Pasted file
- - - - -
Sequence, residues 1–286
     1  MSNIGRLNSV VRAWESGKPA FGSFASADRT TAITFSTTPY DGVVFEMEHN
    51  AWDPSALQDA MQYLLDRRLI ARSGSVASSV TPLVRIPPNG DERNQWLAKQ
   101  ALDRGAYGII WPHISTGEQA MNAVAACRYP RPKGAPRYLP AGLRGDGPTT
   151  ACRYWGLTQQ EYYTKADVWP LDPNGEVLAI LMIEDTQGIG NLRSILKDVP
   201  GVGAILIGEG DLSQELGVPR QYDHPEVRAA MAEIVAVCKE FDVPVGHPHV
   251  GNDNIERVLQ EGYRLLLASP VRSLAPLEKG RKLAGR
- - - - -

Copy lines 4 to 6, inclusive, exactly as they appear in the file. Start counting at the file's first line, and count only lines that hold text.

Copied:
   101  ALDRGAYGII WPHISTGEQA MNAVAACRYP RPKGAPRYLP AGLRGDGPTT
   151  ACRYWGLTQQ EYYTKADVWP LDPNGEVLAI LMIEDTQGIG NLRSILKDVP
   201  GVGAILIGEG DLSQELGVPR QYDHPEVRAA MAEIVAVCKE FDVPVGHPHV